In a previous post about Supervised racing there was a short mention about data augmentation. That has been one of the most requested topics for us to blog about, so let’s open it up a bit more.
Data augmentation is basically just a method to grow your dataset using your existing data. This can be done simply by modifying the existing dataset and including the modified data as part of training data on top of the original data.
As certain machine learning tasks - such as image classification - benefit from having large amount of data, data augmentation becomes really useful as it virtually expands the dataset. With AI controlled car, it basically means you need to generate / drive a bit less training data to still get a working model.
How to augment data?
As we’re basically training our AI car to follow the track using images, we’ll concentrate on how to augment the image data. For that there are actually several approaches, but before going into those, let’s take an example.
Say we are going to teach our model to recognize if there’s a dog in an image. For example this:
A generic sleeping dog
We can use that image, to make more images in order to get a more generic data set. As the dog can be seen also from it’s left side we can simply flip the image to get another view on the dog. Also as the head can be in different orientation we can turn it slightly.
Same dog with several applied augmentations
Other common ways are translating image, adding noise to it and otherwise modifying it. There are also several libraries and tools that implement different augmentation methods e.g. https://github.com/mdbloice/Augmentor and https://github.com/aleju/imgaug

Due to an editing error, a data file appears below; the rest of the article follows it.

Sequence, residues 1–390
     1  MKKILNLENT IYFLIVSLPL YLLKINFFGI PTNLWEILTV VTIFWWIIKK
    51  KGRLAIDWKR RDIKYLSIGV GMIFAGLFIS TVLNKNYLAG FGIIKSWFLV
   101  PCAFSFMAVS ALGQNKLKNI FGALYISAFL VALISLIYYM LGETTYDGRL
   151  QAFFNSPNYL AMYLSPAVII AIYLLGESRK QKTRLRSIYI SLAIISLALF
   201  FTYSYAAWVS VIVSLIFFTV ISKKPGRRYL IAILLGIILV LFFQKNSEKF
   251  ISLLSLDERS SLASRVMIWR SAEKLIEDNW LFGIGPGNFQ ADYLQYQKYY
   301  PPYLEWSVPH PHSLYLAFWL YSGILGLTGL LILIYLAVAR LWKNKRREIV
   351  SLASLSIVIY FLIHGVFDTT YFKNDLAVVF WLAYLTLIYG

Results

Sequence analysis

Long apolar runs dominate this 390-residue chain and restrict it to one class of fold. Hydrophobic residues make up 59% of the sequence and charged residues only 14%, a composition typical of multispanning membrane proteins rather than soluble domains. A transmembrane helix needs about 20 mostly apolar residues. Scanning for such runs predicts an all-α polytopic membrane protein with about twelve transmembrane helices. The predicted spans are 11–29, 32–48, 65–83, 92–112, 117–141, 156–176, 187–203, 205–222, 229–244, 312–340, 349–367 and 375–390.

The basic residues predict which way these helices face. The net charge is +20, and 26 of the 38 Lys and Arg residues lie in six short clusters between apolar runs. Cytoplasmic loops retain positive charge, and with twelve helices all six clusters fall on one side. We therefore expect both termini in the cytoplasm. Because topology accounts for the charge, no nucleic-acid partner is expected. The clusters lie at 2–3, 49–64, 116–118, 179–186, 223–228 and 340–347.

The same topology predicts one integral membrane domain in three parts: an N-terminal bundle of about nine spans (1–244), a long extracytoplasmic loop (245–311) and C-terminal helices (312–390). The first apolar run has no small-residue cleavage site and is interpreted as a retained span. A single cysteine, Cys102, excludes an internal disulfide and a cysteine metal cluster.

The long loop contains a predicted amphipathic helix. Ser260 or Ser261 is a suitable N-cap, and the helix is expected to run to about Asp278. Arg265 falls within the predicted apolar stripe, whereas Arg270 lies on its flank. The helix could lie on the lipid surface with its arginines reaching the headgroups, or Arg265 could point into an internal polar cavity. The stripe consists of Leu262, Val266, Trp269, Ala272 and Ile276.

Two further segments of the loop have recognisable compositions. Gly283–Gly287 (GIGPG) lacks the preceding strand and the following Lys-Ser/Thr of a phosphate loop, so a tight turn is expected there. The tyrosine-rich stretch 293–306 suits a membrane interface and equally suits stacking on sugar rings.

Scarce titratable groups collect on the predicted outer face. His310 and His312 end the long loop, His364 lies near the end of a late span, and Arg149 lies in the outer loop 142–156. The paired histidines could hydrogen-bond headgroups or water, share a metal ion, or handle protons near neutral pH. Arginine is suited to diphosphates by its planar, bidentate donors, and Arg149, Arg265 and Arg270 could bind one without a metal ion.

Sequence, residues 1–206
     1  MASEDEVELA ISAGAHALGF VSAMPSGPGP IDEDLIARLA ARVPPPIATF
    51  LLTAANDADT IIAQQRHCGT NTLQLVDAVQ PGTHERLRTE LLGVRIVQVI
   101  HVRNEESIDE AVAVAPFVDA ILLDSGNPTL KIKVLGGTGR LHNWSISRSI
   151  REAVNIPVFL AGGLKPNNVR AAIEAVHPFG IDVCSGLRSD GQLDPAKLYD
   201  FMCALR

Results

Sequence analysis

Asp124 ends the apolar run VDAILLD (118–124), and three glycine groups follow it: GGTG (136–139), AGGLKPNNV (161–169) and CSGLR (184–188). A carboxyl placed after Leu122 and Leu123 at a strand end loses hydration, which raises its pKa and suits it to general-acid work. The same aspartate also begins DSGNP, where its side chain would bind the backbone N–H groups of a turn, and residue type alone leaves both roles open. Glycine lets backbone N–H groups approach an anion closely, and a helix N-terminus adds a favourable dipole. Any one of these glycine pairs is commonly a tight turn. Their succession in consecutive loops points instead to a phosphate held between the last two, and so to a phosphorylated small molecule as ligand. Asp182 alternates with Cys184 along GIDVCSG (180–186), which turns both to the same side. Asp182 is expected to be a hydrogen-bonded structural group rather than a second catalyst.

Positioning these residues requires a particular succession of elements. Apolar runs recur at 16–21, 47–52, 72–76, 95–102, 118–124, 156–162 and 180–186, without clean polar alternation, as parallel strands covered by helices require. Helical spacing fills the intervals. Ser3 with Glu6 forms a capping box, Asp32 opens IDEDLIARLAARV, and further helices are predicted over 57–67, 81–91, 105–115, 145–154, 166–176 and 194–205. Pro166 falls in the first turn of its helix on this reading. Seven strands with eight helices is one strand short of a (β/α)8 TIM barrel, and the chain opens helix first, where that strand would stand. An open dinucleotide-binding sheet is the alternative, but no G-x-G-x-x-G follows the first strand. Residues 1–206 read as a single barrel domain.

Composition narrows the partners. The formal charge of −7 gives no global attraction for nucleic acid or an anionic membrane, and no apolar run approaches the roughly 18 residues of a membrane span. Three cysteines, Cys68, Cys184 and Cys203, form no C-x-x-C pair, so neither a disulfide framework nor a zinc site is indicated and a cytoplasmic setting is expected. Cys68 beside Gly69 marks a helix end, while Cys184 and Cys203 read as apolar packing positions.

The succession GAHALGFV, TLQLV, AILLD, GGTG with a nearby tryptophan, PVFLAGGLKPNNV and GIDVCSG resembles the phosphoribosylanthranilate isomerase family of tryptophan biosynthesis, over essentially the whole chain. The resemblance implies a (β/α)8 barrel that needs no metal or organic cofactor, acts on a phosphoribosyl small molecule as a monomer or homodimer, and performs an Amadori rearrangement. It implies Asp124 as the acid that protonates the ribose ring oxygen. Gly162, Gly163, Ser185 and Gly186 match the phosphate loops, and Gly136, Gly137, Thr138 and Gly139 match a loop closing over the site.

Data augmentation with our AI car
The methods of data augmentation should be chosen based on the requirements of the model. For example there’s no real reason for us to flip our images vertically as we don’t aim to teach our car to drive on its roof.
Flipping vertically makes no sense
Also as in our case the track will be flat, so there’s no need to prepare for situations where the images would be rotated in any way.
Currently we use three augmentation methods with our AI car: flipping the images horizontally, adjusting brightness, and adding artificial shadows.
When flipping input images horizontally we also need to augment corresponding steering and possible other inputs (such as acceleration sensor). When the image is mirrored also the value of X axis needs to be flipped. This also means that the steering of the car needs to be well calibrated and centered as this method won’t work properly if steering the same amount to left and right produces different results.
Both images and data in records are flipped
import numpy as np import cv2 def augment_flip(img, record): img = cv2.flip(img, 1) flippable_keys = [ 'user/angle', ] for key in flippable_keys: record[key] = 0 - record[key] return img, record
Flipping helps to teach the model to have more generic handling on turns.